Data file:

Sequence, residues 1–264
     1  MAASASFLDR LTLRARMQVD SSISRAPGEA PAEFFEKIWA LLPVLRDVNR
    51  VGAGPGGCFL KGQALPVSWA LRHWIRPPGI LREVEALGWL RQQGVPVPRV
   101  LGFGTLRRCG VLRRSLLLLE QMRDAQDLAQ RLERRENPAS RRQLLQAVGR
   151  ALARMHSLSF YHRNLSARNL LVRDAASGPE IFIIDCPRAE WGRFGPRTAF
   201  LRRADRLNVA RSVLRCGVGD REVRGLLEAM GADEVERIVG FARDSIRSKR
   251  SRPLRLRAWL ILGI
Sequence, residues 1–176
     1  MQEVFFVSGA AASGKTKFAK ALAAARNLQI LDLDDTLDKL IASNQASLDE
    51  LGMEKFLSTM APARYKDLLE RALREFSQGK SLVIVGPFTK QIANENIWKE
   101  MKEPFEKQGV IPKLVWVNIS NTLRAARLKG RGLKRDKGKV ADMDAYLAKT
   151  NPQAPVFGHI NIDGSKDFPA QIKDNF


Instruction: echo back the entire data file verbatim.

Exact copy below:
Sequence, residues 1–264
     1  MAASASFLDR LTLRARMQVD SSISRAPGEA PAEFFEKIWA LLPVLRDVNR
    51  VGAGPGGCFL KGQALPVSWA LRHWIRPPGI LREVEALGWL RQQGVPVPRV
   101  LGFGTLRRCG VLRRSLLLLE QMRDAQDLAQ RLERRENPAS RRQLLQAVGR
   151  ALARMHSLSF YHRNLSARNL LVRDAASGPE IFIIDCPRAE WGRFGPRTAF
   201  LRRADRLNVA RSVLRCGVGD REVRGLLEAM GADEVERIVG FARDSIRSKR
   251  SRPLRLRAWL ILGI
Sequence, residues 1–176
     1  MQEVFFVSGA AASGKTKFAK ALAAARNLQI LDLDDTLDKL IASNQASLDE
    51  LGMEKFLSTM APARYKDLLE RALREFSQGK SLVIVGPFTK QIANENIWKE
   101  MKEPFEKQGV IPKLVWVNIS NTLRAARLKG RGLKRDKGKV ADMDAYLAKT
   151  NPQAPVFGHI NIDGSKDFPA QIKDNF